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Beit Midrash Torah Portion and Tanach Re'e

Ending Things Off Right

Various Rabbis29 AV 5768
891
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Among the mitzvot discussed in our parasha is one that is soon to apply (albeit, rabbinically): the releasing of debts at the end of Shemitta. "At the end of seven years shall you make a shemitta" (Devarim 15:1). What is the connection between this element of Shemitta and those we know better?
This mitzva fits in well with Shemitta’s element of social justice and "leveling the playing field." Just as all share the fruit that grows that year, so too the creditors can no longer hang the loans over the poor borrowers’ heads. However, the Sifrei learns from our pasuk that the shemitta of loans takes place only at the Shemitta year’s end. Wouldn’t we expect the social justice to be felt during the year? Why is the impact here only after Shemitta is completed? The Rosh (Gittin 4:18) does say that during Shemitta a creditor cannot demand payment, and at the end of the year the debt is permanently absolved. However, almost all authorities say that one can collect loans normally during Shemitta. So what is the logic of the timing?
One possibility is that, in this way, the poor are also challenged by the mitzvot of Shemitta. The poor are likely not to own agricultural land, in regard to which Jews are so challengingly affected during Shemitta. In fact, a poor man gains from Shemitta, as he can partake for free of fruit of another’s field. He might have the idea, with a creditor pressuring him during the final year of loan payment, to use the Shemitta fields to pay off debts. The Torah says, "No." He can use the produce only for consumption and not for paying off debt (Avoda Zara 62a; Rambam, Shemittin 6:10).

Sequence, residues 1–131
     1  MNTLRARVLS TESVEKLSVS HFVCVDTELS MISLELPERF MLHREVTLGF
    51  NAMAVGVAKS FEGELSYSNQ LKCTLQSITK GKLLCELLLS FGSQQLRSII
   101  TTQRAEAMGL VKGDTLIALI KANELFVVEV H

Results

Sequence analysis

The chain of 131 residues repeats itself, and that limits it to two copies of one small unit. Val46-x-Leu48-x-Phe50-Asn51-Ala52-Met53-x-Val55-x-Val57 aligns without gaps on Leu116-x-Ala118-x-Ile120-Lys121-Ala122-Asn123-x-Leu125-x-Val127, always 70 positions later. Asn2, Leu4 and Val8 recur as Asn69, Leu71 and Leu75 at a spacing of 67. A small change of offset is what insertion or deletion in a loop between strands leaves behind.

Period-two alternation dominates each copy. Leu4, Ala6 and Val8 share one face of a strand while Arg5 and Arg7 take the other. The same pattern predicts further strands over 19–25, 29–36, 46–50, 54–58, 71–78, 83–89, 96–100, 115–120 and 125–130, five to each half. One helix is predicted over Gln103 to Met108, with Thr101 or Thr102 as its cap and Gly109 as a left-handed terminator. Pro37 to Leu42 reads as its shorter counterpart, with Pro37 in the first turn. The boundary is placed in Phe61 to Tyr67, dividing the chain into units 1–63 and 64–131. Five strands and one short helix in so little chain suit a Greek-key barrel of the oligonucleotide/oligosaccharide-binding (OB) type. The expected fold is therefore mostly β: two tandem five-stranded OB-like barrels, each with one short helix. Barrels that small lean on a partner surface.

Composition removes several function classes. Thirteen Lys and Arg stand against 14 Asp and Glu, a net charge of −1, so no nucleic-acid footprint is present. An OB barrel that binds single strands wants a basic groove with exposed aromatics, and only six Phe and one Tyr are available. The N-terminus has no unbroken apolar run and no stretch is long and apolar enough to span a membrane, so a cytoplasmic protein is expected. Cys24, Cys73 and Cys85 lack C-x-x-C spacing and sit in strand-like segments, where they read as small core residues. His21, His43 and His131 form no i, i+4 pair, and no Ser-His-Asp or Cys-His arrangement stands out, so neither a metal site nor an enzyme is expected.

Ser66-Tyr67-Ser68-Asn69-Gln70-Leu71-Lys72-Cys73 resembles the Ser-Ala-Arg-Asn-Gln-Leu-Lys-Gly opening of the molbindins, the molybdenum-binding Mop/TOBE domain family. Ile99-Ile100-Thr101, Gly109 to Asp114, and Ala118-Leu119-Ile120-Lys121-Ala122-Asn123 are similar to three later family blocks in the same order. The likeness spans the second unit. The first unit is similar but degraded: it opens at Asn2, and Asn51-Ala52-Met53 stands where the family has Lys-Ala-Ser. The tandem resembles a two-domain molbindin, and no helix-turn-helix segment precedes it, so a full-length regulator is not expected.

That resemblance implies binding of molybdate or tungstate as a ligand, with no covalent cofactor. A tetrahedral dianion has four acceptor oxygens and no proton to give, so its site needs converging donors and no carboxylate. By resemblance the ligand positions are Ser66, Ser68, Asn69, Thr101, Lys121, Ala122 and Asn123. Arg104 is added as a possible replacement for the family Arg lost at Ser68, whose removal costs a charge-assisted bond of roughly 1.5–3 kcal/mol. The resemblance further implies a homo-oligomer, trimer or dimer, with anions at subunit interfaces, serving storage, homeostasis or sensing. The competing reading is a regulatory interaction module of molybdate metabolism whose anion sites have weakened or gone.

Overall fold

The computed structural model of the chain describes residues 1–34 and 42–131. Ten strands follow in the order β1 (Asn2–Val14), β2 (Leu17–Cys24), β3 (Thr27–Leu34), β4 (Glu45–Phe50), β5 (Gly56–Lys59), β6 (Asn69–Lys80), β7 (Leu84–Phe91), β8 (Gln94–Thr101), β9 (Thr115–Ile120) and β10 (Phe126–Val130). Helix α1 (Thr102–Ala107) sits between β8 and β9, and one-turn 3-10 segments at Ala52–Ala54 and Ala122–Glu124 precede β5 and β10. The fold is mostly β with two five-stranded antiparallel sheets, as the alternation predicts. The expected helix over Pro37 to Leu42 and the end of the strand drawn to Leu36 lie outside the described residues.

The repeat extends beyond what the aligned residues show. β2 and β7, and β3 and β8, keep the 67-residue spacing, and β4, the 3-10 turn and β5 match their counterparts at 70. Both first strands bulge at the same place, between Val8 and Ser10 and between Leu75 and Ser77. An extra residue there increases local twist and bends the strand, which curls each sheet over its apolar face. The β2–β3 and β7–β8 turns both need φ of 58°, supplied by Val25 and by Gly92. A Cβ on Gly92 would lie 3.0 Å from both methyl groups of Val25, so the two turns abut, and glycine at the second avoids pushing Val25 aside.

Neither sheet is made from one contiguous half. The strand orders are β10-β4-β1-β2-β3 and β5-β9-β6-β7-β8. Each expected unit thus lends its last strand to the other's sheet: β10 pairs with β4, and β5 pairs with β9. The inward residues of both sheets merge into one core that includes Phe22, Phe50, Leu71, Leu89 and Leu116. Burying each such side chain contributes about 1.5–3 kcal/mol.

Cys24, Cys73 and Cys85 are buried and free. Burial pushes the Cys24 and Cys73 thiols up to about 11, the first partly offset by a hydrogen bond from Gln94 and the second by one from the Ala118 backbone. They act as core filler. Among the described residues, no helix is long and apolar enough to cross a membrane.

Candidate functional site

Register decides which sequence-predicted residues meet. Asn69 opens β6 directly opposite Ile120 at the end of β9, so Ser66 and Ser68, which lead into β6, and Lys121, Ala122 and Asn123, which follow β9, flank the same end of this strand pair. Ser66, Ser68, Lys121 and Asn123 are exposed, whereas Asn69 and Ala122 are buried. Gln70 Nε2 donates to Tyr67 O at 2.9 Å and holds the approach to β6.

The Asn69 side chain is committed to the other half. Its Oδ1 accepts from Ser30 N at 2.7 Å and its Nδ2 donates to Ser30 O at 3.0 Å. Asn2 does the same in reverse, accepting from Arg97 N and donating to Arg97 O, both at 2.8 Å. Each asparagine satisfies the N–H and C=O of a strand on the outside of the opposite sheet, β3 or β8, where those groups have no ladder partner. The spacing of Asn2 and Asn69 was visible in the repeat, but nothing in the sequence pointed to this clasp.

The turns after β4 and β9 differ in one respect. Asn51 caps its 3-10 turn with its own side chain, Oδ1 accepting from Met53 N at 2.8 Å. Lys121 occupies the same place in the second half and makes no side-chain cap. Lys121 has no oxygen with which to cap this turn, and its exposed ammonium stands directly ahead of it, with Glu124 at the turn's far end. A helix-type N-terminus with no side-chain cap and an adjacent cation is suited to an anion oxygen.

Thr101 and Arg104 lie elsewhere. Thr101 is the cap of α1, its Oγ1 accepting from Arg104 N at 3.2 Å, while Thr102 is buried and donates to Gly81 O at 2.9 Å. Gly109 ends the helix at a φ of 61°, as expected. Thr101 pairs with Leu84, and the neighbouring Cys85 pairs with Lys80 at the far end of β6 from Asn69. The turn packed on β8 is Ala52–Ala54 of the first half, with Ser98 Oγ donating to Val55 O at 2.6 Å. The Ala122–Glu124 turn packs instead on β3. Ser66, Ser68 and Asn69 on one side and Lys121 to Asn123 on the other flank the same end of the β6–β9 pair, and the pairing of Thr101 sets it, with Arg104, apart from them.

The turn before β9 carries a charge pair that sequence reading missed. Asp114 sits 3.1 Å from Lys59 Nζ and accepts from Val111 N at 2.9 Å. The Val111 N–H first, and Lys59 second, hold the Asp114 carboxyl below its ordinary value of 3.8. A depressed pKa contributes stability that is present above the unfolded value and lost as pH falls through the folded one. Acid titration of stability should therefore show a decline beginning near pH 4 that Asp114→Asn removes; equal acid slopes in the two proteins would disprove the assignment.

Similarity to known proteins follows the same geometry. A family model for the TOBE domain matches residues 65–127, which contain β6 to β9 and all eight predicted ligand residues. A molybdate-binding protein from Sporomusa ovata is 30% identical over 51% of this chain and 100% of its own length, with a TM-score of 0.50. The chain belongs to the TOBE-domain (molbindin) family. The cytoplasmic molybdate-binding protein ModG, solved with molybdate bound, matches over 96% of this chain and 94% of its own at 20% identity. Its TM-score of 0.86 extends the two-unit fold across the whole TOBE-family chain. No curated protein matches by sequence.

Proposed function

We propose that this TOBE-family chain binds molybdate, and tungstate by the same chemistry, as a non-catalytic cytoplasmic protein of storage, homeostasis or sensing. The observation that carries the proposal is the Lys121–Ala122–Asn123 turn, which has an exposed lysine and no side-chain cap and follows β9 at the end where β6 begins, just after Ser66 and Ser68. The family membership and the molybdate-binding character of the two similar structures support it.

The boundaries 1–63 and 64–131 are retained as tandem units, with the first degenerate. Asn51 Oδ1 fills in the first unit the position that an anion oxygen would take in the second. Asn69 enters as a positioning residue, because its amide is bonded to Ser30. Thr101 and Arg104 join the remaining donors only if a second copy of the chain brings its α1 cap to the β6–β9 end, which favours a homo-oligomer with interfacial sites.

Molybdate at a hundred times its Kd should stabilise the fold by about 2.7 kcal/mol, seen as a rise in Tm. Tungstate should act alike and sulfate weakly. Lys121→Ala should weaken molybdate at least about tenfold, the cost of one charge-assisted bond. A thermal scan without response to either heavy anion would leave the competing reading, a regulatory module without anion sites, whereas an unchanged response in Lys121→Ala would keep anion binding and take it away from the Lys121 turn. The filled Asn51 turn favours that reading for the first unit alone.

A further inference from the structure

An additional possibility connects us with another mitzva that is chronologically connected to Shemitta in an uncertain manner: hakhel (the mitzva for the entire nation to gather on the Sukkot following Shemitta to read from the Torah). The Ramban speaks at length about deriving the time of one from the other. Let us connect them philosophically, as well. Shemittta is a time of sharing resources within society. At the end of the year the status of creditor and borrower is erased. As these lessons are fresh and the feeling of hope and equality is in the air, the time has come to channel the feelings in a further positive direction. All join together for hakhel as equals before Hashem: equal in rights and in responsibilities to their Maker. If the borrower was noble and fortunate, he succeeded in the previous year (in a permitted manner) to clean the slate by paying his creditor before the Torah cleaned the slate. In any case, by the time the giving of the Torah was relived at hakhel, the excuses of the poor for why they may not be able to "pay their debts" to Hashem were removed.
As our hopefully successful Shemitta experience winds down, we should try to be full of resolve to use our resources and abilities to implement the Torah fully in national unity.

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